Biodiversity

Generating Biodiversity

With Native, you take care of your health and the planet 

We are completely inserted in the organic world, as we have a history of sustainable production, respecting you and the environment. Our processes are aligned with organic farming and harvesting practices, seeking to harmonize economic, social and environmental interests.

Thanks to sugarcane organic production practices, we have created living conditions for 340 species of mammals, birds, reptiles and amphibians. For us, sustainable agriculture is one that generates biodiversity by rescuing the ecological balance of farms, having a positive social and economic impact on the community. This is Native's way of being a biodiversity-friendly company.

In our organic sugar packages, and also in our advertisements, you will find some of the Brazilian fauna animals present in our certified farms, such as suçuaranas (pumas), collared hawks and black hummingbirds.

How to explain this fauna biodiversity?

In order for faunal populations to establish themselves and remain in a biome, it is important that three basic needs of animals' existence are set: food, shelter and reproduction. For this reason, intense environmental changes are highly disturbing and harmful to the establishment and development of fauna biodiversity.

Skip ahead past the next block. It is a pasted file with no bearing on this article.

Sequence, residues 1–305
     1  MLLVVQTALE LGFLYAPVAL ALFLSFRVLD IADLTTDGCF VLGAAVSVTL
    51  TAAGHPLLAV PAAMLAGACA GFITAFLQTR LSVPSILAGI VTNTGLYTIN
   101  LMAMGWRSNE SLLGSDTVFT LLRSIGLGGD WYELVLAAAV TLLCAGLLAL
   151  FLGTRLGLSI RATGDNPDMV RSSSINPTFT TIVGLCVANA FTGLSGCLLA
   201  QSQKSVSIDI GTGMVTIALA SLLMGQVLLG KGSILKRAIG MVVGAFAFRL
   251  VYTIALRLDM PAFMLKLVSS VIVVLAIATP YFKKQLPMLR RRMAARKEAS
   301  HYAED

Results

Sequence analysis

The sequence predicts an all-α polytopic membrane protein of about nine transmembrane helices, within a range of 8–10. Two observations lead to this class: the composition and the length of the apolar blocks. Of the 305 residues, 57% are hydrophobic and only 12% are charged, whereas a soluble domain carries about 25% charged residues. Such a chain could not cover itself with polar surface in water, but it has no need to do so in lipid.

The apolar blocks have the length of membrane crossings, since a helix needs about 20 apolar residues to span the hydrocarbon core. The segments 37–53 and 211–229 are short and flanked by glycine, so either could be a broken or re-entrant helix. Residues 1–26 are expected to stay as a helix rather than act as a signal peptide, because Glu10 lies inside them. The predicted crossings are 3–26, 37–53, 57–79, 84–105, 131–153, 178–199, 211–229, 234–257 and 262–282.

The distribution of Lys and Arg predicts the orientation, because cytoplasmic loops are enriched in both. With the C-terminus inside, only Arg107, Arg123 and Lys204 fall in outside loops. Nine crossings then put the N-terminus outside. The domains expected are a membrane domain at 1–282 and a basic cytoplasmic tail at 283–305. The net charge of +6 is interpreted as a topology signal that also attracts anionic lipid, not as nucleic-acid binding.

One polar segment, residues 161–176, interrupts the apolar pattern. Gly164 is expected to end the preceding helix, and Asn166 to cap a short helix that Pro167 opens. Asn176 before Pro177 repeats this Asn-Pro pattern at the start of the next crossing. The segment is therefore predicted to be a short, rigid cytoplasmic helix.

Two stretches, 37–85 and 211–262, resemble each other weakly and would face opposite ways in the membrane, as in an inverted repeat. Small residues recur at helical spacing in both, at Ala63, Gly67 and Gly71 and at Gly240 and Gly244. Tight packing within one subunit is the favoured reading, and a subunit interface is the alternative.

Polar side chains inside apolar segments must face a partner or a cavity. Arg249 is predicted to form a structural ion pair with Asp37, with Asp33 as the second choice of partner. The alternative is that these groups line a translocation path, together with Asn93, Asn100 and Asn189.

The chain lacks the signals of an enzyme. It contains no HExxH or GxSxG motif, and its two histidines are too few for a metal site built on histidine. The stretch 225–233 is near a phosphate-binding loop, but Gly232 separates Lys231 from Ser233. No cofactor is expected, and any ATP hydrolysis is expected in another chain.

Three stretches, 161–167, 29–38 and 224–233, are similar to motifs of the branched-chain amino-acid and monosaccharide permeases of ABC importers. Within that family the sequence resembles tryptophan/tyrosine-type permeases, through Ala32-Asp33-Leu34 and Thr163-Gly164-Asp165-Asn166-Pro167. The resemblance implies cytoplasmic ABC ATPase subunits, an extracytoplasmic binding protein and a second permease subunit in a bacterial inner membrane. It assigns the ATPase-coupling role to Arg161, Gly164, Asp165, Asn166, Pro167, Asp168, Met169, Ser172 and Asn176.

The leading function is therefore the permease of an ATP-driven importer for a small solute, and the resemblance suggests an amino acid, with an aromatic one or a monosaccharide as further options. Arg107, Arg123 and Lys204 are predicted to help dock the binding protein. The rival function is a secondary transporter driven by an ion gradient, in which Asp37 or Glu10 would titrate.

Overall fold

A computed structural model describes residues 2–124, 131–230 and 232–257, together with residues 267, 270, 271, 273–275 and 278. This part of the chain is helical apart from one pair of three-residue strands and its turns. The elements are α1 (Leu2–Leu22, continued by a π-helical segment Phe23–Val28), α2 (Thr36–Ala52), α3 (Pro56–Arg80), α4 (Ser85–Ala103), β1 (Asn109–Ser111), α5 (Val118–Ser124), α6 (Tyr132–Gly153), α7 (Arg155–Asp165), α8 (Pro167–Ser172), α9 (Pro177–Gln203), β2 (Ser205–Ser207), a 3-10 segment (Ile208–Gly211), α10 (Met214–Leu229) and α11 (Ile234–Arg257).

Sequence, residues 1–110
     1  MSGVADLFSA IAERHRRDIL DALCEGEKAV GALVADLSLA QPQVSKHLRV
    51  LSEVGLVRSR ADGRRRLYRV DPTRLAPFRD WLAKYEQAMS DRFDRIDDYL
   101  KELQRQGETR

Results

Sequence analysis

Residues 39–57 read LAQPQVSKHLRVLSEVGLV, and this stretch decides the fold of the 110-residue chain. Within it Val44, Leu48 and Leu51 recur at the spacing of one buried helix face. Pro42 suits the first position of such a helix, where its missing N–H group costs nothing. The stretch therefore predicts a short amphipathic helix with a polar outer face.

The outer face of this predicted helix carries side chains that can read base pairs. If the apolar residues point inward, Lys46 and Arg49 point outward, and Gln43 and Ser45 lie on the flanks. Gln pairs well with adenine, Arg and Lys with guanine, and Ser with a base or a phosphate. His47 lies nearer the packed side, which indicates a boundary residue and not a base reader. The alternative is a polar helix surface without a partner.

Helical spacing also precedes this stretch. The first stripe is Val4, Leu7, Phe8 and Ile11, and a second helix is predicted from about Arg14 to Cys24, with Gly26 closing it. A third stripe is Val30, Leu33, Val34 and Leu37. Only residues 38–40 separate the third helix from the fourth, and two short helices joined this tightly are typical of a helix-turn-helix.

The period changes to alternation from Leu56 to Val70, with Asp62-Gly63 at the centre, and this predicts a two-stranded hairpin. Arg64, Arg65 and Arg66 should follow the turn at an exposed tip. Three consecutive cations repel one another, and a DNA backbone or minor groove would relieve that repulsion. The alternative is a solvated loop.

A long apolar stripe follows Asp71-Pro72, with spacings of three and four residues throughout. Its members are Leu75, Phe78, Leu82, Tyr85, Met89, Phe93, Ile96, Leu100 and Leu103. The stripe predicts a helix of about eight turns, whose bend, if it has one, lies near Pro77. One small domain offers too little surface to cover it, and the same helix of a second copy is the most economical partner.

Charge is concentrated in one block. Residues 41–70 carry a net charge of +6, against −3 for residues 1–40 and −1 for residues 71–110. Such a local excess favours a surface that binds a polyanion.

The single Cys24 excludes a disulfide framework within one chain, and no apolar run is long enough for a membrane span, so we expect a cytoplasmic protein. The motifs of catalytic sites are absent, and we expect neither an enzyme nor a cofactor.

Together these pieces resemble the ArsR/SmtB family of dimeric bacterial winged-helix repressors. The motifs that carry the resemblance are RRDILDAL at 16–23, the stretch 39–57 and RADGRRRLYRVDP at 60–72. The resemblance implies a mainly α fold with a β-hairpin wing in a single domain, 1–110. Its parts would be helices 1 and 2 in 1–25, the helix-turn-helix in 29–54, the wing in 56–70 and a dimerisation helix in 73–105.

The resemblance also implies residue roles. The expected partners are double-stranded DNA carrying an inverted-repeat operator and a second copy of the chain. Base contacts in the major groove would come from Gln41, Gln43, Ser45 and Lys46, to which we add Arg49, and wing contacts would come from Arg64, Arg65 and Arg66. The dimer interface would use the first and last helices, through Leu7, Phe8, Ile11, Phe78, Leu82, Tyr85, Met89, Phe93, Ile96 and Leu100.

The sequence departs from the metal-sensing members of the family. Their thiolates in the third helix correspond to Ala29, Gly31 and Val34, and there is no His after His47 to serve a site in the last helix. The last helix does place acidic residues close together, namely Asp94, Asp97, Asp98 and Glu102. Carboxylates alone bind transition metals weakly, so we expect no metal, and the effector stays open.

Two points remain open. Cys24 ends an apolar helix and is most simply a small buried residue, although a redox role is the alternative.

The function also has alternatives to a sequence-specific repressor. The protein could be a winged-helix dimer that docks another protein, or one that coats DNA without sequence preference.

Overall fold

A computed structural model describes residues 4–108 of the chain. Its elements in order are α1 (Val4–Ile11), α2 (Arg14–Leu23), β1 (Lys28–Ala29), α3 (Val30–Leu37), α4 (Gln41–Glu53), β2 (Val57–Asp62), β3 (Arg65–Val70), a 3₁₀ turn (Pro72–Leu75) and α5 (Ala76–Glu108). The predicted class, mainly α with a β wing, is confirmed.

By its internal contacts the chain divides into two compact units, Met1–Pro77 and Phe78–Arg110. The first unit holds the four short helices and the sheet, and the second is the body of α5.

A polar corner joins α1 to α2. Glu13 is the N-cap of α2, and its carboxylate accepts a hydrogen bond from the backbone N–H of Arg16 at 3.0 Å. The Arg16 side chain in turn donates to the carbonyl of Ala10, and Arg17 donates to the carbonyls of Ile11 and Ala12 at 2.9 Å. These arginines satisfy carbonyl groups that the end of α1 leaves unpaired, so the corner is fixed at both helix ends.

Cane fields, due to the characteristics of their cultivation system, are naturally favorable to receiving fauna populations, as there is little movement of equipment over time, with soil movement every 6 or 7 years and one harvest a year, with few farming operations. In addition, the high size of the crop and the intense soil cover are relevant factors. The importance of these characteristics is related to stability and predictability, as many animals establish periodic feeding routes based on the flowering and fruiting seasons of the various plants in their habitat. However, some operations that are part of the production system of this crop prevent the manifestation of this good agroecological potential, such as fires prior to harvest, the intensive application of pesticides and the low floristic diversity in the surroundings. In Native's sugarcane fields, these practices were abolished at the beginning of the Cana Verde Project in 1987.